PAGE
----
Wednesday 1 March 2017 - Monocle Minute | Monocle

Wednesday. 1/3/2017

The Monocle Minute

Image: Alamy

Left-hand turn ahead?

While 2016 may have been a terrible year for liberal democracy, there are signs of hope ahead. The three politicians we interview in the new issue of Monocle prove that there really is an alternative to populism: in Portugal Antonio Costa has shown that the centre-left can still govern (his four-party alliance has an approval rating of 81 per cent); in the Netherlands Jesse Klaver, the young and charismatic leader of the Green Left party, is rising in the polls as his attacks on the far-right Geert Wilders increase; and in France Emmanuel Macron is emerging as the most likely candidate to take on Marine Le Pen. All three are liberal, all three would describe themselves as centre-left or centrist and all three are popular. Perhaps there is still a little life left in liberalism yet.

Image: Alamy

Hit sequels

It’s all about second collections at Paris Fashion Week, which shifts into its second day today. The debut of a new fashion-house creative director is always an eagerly awaited affair but how can these names hope to follow up once the hype has died down? Last night, Anthony Vaccarello rose to the challenge with his second line for Saint Laurent, presenting a collection of '80s-style leather cocktail dresses, big-sleeved frocks and sparkling boots that showed he has the mettle to follow in Hedi Slimane’s sizeable footsteps. Now we look ahead to this afternoon’s Lanvin show, in which Bouchra Jarrar will need to prove that she can make her mark at France’s oldest house after her first collection left some wanting more. And on Friday, in one of the week’s most anticipated events, Maria Grazia Chiuri will present round two after a politically-pointed – and commercially-clever – debut for Dior.

Image: Getty Images

Island expansion

New Zealand’s defence minister Gerry Brownlee has confirmed that his country is in talks to allow Singapore to build a military base and pilot-training facility at Ohakea Air Base on the North Island. The move makes sense: Singapore needs room for manoeuvres and New Zealand would welcome the financial investment that such a deal would yield. It follows a similar deal Singapore struck with Australia last year, which has since run into problems as nearby landowners have resisted selling their land for the base expansion. The space-strapped Singapore military is surely hoping that the New Zealand talks continue apace.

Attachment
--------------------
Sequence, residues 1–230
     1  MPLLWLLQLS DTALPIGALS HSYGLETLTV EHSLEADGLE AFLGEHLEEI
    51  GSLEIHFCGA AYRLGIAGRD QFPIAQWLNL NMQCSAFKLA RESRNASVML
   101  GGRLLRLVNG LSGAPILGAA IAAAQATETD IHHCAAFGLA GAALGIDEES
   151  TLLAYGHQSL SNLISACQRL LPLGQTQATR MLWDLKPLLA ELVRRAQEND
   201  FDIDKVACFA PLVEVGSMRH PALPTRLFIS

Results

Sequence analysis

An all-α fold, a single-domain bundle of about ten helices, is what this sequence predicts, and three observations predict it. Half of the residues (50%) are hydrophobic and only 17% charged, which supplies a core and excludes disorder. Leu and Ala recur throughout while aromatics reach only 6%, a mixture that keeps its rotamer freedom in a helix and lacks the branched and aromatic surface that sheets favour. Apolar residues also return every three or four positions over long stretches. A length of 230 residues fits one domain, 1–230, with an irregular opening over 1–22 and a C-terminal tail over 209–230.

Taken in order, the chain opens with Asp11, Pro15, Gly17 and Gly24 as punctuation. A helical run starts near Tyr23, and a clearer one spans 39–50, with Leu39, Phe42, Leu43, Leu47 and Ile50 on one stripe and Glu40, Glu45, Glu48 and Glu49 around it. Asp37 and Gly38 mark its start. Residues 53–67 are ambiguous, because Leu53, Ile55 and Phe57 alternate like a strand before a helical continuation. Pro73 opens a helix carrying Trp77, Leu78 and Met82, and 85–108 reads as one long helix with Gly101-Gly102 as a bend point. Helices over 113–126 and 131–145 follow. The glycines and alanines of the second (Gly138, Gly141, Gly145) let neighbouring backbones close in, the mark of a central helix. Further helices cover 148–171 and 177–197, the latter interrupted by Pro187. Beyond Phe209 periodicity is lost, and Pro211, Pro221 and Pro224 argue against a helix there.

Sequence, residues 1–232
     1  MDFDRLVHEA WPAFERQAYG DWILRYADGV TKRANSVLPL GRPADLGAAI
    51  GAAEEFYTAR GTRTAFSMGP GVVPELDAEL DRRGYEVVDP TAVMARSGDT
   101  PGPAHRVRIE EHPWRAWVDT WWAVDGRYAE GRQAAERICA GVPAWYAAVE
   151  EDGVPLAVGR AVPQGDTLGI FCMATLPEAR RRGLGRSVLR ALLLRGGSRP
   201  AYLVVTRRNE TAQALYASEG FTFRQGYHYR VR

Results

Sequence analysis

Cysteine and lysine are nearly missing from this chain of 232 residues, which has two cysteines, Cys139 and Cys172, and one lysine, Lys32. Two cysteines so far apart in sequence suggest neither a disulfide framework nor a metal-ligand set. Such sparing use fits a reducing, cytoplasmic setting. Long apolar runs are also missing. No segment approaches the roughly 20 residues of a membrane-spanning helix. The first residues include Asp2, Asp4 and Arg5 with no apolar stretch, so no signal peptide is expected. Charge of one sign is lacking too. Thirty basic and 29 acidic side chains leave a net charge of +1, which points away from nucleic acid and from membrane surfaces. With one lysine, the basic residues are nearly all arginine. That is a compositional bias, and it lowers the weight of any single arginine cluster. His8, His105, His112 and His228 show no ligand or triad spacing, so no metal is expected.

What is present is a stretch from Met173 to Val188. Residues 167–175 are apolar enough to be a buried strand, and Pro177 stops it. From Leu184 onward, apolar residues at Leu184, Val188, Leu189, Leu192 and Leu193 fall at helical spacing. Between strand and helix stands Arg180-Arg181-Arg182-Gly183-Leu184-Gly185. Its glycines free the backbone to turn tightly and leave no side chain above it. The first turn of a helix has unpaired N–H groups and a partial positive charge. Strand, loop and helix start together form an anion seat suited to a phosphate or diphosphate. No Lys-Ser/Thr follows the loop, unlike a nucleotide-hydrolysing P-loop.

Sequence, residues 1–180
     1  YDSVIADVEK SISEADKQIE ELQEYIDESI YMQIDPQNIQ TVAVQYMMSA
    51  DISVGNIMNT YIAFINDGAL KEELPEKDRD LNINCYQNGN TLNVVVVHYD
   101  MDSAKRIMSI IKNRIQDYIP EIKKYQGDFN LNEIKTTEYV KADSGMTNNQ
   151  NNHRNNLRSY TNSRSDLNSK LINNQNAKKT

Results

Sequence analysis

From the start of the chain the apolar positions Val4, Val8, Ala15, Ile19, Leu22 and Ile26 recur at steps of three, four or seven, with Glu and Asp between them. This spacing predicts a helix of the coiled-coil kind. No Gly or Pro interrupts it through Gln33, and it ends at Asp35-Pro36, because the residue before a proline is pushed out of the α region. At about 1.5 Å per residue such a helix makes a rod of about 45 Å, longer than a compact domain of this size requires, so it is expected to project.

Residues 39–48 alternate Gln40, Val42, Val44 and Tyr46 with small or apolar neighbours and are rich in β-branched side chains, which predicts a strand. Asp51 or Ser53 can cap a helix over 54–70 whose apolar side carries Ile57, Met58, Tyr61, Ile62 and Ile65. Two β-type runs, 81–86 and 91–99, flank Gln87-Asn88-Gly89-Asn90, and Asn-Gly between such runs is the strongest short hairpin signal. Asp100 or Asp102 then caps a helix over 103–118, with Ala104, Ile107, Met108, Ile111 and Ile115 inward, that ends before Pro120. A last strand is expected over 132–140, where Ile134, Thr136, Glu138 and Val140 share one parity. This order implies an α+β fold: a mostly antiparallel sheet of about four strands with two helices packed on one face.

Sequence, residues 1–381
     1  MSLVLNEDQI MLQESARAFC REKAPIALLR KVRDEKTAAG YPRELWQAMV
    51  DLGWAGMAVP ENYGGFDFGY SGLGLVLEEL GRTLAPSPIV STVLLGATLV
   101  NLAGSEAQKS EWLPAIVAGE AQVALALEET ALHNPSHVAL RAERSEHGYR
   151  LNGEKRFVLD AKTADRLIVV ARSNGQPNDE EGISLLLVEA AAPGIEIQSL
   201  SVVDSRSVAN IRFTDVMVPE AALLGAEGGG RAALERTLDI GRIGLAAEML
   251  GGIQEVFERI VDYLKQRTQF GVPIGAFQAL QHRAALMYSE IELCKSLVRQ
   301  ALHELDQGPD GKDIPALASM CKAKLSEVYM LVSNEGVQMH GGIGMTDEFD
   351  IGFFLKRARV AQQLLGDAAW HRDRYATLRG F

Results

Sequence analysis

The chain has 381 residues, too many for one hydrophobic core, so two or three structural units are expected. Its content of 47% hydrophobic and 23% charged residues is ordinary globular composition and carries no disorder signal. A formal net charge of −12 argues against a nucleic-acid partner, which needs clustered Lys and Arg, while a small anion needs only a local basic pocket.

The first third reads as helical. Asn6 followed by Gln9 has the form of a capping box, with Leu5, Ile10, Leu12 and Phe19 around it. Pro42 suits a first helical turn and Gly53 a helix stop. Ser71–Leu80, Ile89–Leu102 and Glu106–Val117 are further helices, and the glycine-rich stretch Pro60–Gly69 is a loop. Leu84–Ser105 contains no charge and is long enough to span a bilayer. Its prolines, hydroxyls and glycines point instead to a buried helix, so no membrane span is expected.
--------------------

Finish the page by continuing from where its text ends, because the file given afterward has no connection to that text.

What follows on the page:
Image: Getty Images

Record highs

More people in Canada bought music on vinyl in 2016 than ever before. The voracious appetite has led a Toronto-based record shop to launch one of the sector’s most surprising and ambitious business moves in recent years. Sunrise Records, founded in 1977, announced on Monday that it is to takeover 70 shops across the country that were once operated by the now-defunct music chain HMV. “Canada needs a physical music retailer that is coast to coast and supports Canadian bands – and with HMV leaving you don’t have that anymore,” says Sunrise president Doug Putman. The first new Sunrise shops open in April and the company intends to make contact with some 1,000 employees laid off after HMV’s closure.

Fixing Madrid Fashion Week

As a new generation of young Spanish fashion designers take their battle for recognition abroad, many in the industry are beginning to raise their voices about the changes needed at home. We report from Madrid Fashion Week and talk to the event’s new director.

Monocle Films / Germany

Berlin: The Monocle Travel Guide

For a long time Berlin lacked the wealth and stability of other capital cities so ingenuity had to prevail. The city is now known as a place where creativity is fostered, resourcefulness encouraged and originality embraced. Published by Gestalten, The Monocle Travel Guide to Berlin is available now at The Monocle Shop.


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